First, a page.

When you have products or services to sell and you’re sitting across the table from a decision-maker who is considering his or her next move, it can be a pretty stressful sales situation.

By Lilou Hoffman

The cat-and-mouse game of negotiations is not for the faint of heart. However, if you have a solid strategy heading in, respect the buyer, and stick to your terms, you’ll have the greatest chance of a successful outcome. Being realistic is important, however. Despite your best efforts, your customer or buyer may want too much for too little. At such times, it pays to know when to walk.

What follows are some tips on what makes a skilled negotiator—and they might surprise you.

Don’t Disclose Lowest Acceptable Price Too Soon

As part of the give-and-take dynamic that is integral to the sales negotiation process, you might hear your buyer ask pretty early on for the best price you’re willing to sell your products or services for. A piece of advice from a negotiation course is to not go too low too soon. A novice mistake would be to give your lowest price straight away. By revealing your lowest possible rate, you position yourself to be knocked down even further by your buyer.

If you want to be a skilled sales negotiator and close the deal, it can pay to keep your cards close to your vest. For example, if you can feasibly deduct 15% from the price, consider instead offering to reduce the price by a smaller amount like, say, 2%. Going in with a lower reduction allows you the wiggle room you need to counter effectively.

If you give up too much too soon, you could box yourself in and leave yourself without sufficient leverage to negotiate effectively. Negotiation courses advocate being a little reserved with how much you can realistically slash from the asking price. This technique increases the odds of closing a sale.

Use Time to Your Advantage

Sales negotiation courses often teach that most of the concessions made during the negotiation phase happen within the last 20% of the time set aside for discussions. Knowing this fact, you can use time to your advantage. Your buyer is likely to be more open to making concessions as the deadline approaches.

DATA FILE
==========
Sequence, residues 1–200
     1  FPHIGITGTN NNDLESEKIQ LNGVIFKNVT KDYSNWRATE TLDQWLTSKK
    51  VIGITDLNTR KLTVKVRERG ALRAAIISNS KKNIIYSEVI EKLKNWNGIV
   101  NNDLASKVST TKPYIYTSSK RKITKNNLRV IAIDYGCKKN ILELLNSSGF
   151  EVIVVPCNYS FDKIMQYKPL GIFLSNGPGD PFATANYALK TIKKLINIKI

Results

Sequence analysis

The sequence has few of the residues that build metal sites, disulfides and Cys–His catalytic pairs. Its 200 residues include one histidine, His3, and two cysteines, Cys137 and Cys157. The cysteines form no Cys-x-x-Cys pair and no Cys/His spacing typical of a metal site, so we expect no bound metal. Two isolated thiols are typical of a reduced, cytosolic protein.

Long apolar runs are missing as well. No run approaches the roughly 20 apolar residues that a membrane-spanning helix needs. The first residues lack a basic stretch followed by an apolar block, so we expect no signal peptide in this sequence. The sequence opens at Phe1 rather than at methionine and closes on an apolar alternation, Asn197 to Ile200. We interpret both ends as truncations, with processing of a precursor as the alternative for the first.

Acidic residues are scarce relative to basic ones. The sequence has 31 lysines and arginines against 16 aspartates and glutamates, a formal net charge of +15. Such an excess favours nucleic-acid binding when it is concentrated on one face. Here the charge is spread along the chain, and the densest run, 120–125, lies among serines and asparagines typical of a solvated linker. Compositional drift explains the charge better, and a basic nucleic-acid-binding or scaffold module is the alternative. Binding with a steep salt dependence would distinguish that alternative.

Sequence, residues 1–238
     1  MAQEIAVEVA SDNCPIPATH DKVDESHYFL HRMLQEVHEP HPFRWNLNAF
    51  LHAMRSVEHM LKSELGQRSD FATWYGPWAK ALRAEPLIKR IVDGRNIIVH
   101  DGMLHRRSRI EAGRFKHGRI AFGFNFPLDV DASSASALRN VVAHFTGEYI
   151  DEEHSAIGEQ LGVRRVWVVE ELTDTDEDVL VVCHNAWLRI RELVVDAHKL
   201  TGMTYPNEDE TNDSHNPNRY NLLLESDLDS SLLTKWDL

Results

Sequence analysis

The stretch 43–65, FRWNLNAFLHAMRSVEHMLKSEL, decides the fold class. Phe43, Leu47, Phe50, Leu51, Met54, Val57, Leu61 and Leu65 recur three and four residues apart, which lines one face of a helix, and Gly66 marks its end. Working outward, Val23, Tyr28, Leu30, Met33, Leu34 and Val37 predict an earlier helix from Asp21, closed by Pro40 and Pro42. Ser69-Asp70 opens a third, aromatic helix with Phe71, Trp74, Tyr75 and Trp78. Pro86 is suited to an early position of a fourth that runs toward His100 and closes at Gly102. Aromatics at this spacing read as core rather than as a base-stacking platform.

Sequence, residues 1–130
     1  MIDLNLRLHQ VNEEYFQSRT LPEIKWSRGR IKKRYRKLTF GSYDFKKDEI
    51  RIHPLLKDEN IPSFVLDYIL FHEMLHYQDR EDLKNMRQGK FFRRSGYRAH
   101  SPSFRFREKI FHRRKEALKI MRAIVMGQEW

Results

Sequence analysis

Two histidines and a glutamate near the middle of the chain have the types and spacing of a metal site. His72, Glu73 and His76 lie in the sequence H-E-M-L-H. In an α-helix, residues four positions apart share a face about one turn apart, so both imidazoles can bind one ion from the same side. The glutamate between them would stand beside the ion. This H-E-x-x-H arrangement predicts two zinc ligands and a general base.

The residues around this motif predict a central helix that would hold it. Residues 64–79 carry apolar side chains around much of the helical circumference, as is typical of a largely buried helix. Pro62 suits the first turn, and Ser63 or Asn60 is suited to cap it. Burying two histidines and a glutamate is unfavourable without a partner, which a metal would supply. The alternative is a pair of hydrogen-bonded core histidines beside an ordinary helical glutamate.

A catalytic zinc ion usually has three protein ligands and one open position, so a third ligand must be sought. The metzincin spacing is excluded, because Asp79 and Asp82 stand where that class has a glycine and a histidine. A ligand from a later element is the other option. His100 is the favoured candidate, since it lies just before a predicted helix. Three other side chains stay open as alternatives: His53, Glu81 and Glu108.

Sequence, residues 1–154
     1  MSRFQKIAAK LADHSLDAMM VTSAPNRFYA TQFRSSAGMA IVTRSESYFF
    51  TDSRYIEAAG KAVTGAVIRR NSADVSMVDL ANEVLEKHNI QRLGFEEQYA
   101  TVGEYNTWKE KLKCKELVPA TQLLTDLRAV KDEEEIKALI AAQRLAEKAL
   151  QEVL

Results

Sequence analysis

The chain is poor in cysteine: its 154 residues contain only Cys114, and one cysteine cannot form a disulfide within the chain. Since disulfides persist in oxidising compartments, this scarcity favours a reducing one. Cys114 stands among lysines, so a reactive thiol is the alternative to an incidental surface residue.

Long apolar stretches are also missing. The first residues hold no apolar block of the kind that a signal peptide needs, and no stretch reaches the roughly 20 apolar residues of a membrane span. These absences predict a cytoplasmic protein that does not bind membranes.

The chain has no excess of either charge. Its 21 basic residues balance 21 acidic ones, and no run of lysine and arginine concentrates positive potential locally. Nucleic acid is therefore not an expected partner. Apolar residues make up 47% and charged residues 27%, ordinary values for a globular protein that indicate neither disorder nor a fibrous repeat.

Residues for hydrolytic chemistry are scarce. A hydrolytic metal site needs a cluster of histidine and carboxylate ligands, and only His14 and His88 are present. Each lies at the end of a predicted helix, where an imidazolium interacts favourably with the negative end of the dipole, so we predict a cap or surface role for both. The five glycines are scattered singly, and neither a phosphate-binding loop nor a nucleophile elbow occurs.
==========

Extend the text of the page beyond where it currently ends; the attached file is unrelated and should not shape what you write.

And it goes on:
In order to use this technique to your advantage, you are advised to ensure that you resolve the nitty-gritty details—the fundamentals of the deal—first. Then, you can use the remaining time in the negotiation effectively. What makes a skilled negotiator is the ability to know when to use such a strategy.

You should only employ this technique if the buyer is under more time pressure than you are. Otherwise, the buyer very well could use time to get you to make concessions.

Know When to Walk Away

When it comes to figuring out what makes a skilled sales professional, one thing that a negotiation course will teach you is that success is not merely measured by how many deals you close. Sometimes, success is achieved by training yourself to know when to walk away from a proposed deal. Whether your buyer is asking for too much, is refusing to negotiate in good faith, or is imposing an unworkable time frame, it pays to know when to walk away.

To Sum Up

Understanding what makes a skilled sales negotiator is to understand the need for a well-planned strategy. You have the products or services that your prospective buyer wants, and you want to get the best possible price. If you avoid disclosing your best offer too soon, use time to your advantage, and know when to leave the table, you have the best opportunity to close more deals on your own terms.

Building online visibility for the Negotiation Training Experts is Lilou Hoffman’s talent and passion. Her experience in working with sales professionals has given her key insights, essential when it comes to writing instructive and practical posts.

Sales stock photo by fizkes/Shutterstock